Buffy Wicks was denied a ‘vote by proxy’ during maternity leave
In case you’re still somehow not convinced that the United States of America hates working mothers (and in the middle of this pandemic, still being wholly unconvinced of that is a remarkable feat in denial), like many female legislators are all too familiar with, a California lawmaker was forced to show up to the assembly floor after she was denied a “vote by proxy” during her maternity leave.
Buffy Wicks, an assemblywoman who literally just gave birth one month ago, brought her newborn into a public space during a pandemic after being denied her request to vote by proxy on a measure regarding California’s housing crisis.
Wicks represents Berkeley and Oakland in the state’s general assembly, and a vote for State Bill 1120 came to the floor while she was on maternity leave. The bill is designed to help ease housing problems in California, making it easier for developers to build duplexes in areas zoned for single-family homes. Wicks is a strong supporter of the bill, so she requested to vote by proxy — as she had just delivered a baby and all. Her request was denied.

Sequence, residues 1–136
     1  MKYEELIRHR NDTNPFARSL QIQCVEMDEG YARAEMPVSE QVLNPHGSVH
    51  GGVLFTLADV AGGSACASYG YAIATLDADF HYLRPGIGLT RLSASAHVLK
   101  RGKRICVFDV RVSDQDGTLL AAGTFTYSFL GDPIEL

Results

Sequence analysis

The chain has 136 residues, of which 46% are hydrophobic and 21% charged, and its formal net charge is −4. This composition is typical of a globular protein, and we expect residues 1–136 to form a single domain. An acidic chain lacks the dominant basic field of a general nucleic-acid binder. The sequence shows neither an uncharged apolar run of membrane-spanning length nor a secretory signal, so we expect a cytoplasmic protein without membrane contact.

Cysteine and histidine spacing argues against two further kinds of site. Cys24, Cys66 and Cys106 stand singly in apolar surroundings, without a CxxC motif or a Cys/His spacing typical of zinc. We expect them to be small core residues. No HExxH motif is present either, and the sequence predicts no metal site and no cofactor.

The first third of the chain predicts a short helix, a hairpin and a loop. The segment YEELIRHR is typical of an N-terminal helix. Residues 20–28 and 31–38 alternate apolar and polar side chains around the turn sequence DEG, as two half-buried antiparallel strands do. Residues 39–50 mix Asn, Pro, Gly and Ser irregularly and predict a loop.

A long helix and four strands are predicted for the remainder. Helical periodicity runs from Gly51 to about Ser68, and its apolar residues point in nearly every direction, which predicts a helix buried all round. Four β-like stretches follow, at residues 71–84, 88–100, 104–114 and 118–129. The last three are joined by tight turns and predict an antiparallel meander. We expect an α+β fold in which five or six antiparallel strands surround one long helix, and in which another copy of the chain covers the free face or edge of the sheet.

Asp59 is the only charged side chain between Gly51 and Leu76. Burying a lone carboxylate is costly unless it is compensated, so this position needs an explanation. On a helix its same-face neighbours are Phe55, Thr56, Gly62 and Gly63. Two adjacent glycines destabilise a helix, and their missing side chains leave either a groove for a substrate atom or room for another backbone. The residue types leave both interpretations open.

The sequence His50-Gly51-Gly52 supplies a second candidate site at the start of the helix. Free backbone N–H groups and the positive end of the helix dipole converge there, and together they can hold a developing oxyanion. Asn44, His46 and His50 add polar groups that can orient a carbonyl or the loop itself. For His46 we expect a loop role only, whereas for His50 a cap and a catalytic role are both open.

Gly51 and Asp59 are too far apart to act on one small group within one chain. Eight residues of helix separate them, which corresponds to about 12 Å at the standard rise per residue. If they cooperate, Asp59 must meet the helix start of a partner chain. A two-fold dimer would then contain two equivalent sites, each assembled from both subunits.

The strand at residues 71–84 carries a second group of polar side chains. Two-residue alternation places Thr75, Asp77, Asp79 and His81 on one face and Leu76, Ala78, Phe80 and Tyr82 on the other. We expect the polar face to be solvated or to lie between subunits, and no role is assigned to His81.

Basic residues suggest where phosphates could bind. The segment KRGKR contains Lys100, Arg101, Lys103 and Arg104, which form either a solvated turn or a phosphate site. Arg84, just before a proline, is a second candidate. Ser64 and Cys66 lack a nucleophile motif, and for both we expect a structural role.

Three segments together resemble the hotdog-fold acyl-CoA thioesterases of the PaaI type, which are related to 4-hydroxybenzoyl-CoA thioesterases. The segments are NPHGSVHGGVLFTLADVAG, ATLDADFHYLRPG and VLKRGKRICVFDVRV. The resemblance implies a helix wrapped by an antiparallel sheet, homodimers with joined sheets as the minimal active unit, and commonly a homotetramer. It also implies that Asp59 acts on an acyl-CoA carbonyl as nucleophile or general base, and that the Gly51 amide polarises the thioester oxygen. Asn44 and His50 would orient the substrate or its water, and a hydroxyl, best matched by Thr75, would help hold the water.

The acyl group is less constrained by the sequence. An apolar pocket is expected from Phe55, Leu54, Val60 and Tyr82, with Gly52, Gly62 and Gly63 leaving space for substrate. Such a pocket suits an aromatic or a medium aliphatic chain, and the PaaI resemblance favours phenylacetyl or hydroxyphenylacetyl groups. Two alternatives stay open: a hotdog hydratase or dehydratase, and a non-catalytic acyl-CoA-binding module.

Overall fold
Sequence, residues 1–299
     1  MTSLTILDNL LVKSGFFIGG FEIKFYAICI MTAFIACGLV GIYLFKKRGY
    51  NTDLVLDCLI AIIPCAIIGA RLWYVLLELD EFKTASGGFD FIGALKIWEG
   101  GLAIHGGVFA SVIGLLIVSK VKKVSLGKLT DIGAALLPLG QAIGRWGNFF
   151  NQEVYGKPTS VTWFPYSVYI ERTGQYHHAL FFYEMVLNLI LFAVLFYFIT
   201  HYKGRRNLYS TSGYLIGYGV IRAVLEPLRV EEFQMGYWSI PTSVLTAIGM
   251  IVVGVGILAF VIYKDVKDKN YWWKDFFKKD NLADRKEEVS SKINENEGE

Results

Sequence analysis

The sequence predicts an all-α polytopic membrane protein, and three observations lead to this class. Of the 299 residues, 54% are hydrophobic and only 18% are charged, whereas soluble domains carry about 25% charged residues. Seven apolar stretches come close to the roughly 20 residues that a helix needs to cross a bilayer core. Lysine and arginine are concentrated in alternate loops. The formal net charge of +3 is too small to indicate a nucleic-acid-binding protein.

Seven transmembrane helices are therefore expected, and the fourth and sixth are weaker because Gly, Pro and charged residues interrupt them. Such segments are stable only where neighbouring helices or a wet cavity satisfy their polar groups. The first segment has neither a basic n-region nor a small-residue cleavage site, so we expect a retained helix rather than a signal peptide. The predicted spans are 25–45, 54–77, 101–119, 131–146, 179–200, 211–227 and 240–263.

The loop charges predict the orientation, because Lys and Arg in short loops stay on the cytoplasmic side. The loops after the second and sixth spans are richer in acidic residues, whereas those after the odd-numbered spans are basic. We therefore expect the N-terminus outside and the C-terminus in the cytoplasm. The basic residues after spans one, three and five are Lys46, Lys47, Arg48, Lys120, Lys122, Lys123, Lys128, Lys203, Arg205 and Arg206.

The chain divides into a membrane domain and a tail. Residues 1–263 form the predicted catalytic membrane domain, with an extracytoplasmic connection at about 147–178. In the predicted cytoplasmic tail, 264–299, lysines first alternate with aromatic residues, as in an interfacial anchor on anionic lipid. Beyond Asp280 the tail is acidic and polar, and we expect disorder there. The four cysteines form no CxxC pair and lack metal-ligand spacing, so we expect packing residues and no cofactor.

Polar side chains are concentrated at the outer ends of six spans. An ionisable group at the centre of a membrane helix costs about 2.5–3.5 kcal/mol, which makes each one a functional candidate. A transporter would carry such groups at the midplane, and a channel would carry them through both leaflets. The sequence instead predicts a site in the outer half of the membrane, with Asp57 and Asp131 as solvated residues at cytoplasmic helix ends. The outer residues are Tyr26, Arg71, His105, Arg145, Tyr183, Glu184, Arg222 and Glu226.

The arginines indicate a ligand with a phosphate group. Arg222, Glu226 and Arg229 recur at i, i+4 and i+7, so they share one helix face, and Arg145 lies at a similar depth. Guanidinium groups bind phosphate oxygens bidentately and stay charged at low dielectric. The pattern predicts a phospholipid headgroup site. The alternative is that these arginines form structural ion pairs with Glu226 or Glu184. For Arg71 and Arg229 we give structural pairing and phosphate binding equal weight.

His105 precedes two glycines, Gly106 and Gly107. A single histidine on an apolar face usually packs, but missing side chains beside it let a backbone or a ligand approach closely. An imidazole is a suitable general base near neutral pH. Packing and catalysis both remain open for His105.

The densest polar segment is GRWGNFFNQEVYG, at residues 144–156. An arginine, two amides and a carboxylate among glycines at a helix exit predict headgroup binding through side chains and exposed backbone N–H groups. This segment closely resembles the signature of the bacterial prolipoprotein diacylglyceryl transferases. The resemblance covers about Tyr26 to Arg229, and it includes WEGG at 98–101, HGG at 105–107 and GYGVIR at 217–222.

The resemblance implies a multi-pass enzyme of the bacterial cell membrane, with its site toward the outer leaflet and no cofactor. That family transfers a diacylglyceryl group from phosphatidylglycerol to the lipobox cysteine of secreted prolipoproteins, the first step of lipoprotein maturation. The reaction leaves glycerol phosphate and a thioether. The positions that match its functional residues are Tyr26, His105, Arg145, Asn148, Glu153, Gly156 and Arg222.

In order to vote by proxy in the California Assembly during the pandemic, one must be “at a higher risk from the COVID-19 virus.” According to the CDC, pregnancy is considered an immuno-compromised state in regard to the virus. So why wouldn’t the early weeks post-birth fall under this umbrella, at least when it comes to an assemblywoman’s votes? The risks involved with securing childcare outside people you live with during this pandemic are valid, as are the risks involved with bringing your brand-new baby into a public space.
When news of Wicks’ appearance began making headlines, many people took to Twitter to share her story. Everyone had her back, including her husband, Meena Harris, and even Hillary Clinton.
While Wicks’ efforts are most certainly worth applauding, the fact that anyone even has to glorify a new mother, still recovering from childbirth, being forced to show up to work during a pandemic while on maternity leave because the systems in place do not actually accommodate new mothers — well, it’s honestly just so disheartening.
Regardless of the circumstances, Wicks made her case, even begging her fellow lawmakers to pass the bill, she said: “Please, please, please pass this bill. And I’m going to go finish feeding my daughter.”
Unfortunately, the housing bill failed to pass the Assembly. Wicks later tweeted that she was “absolutely devastated,” saying, “Our housing crisis requires us to act, and tonight we failed to do that,” she wrote. “But I promise you this: I will *always* show up for housing — no matter what.”